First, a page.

Jesus’ parables are meant to communicate divine truths and draw us into the mystery of God.
By Deacon Frederick Bartels
26 January 2018
In an excerpt from today’s gospel (Mk 4:26-34), we find Jesus’ parable of the mustard seed:
To what shall we compare the kingdom of God, or what parable can we use for it? It is like a mustard seed that, when it is sown in the ground, is the smallest of all the seeds on the earth. But once it is sown, it springs up and becomes the largest of plants and puts forth large branches, so that the birds of the sky can dwell in its shade.
Sometimes people protest against the Bible as the inspired word of God and its inerrancy because it is not scientifically accurate in every sense. This is the case with the mustard seed parable. A mustard seed is not actually the smallest of seeds, nor does it grow into the very largest of plants. Consequently, some people lay the charge that Jesus was wrong and thus he cannot really be God in the flesh. God would not make such a mistake, they reason. What do we make of this? Was Jesus ignorant of the scientific truth about mustard seeds?
First, let’s begin with scripture in general. The claim that it cannot be true because it does not always hold up scientifically is based on a misunderstanding of the intent of the sacred authors and the ultimate purpose of the Bible. The sacred authors of the Bible never intended to teach scientific fact. Science as we know it today did not exist in their time and cultures. Therefore, the purpose of the Bible has nothing to do with teaching science; it’s ultimately about helping us to attain salvation in and through Jesus Christ. Pope Benedict XVI noted that the Bible is about our struggle with God and his struggle with us. What he meant is that scripture teaches us about God and also about ourselves. It’s the story of our journey into God and his reaching out to us through the Son of God incarnate, Jesus Christ. We frequently refuse to listen to God; consequently, there’s a struggle involved. In many places, the sacred scriptures depict this “struggle” by narrating the details of some of the ugly and brutal aspects of humanity.
Read more about how to interpret sacred scripture here.
But was Jesus wrong about mustard seeds? If we’re worried about that, we’re missing the whole point. Jesus’ parable of the mustard seed is not intended to make scientific horticultural statements. He was not interested in teaching the facts about mustard seeds. Rather, he used the example and imagery of mustard seeds and the bushes they produce to make a metaphorical comparison with the kingdom of heaven. The parable’s purpose is to communicate spiritual truths for the sake of our salvation. Parables accomplish this through the use of imagery, symbolism, simile, and metaphor.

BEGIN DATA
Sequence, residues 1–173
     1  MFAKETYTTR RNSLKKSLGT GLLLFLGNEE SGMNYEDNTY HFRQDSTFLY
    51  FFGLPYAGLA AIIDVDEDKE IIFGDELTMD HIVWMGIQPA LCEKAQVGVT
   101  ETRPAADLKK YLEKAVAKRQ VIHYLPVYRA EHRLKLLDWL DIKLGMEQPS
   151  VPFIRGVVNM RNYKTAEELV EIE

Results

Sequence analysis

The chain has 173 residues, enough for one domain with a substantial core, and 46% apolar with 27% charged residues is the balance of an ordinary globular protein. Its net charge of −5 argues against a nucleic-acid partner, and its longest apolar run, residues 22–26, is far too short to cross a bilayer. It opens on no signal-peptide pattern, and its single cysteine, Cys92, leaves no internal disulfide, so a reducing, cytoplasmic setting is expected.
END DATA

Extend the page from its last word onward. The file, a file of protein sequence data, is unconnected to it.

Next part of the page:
Parables are inexhaustible sources of spiritual, moral and religious truths. And they’re mysterious, as God is mystery. It’s important for us to realize that the parables of Jesus are meant for all of us, right here, right now. It’s also important to try to understand how the hearers of Jesus might have understood these parables within their particular historical context.
So what is Jesus teaching us through this parable?
Jesus is depicting how the kingdom of Christ begins with a small band of disciples (a seed God has both made, planted, and guides by his grace) that grows through preaching the Word into the universal and worldwide Church (Ignatius Study Bible, NT, 73). Jesus’ use of a seed that grows into a large bush metaphor draws on O.T. oracles. For example, Egypt and Israel were portrayed as “kingdoms that grew into mighty trees” (Ibid).
We see, then, that those people listening to Jesus tell this parable would likely have noticed the metaphorical comparison he was making between mustard seeds and the growth of earthly kingdoms in contrast to the growth of his heavenly and everlasting kingdom.
Further, as the Church grows so too does the kingdom of heaven because the Church is the kingdom of heaven on earth in its seed and beginning. That is why it is important to study, learn one’s faith more thoroughly, and evangelize. Through evangelization, we populate and expand the kingdom of Christ.
To read more about the mystery of the Church and the answers she brings to humankind, go here.
Deacon Frederick Bartels is a member of the Catholic clergy who serves the Church in the diocese of Pueblo. He holds an MA in Theology and Educational Ministry and is a Catholic educator, public speaker, and evangelist who strives to infuse culture with the saving principles of the gospel.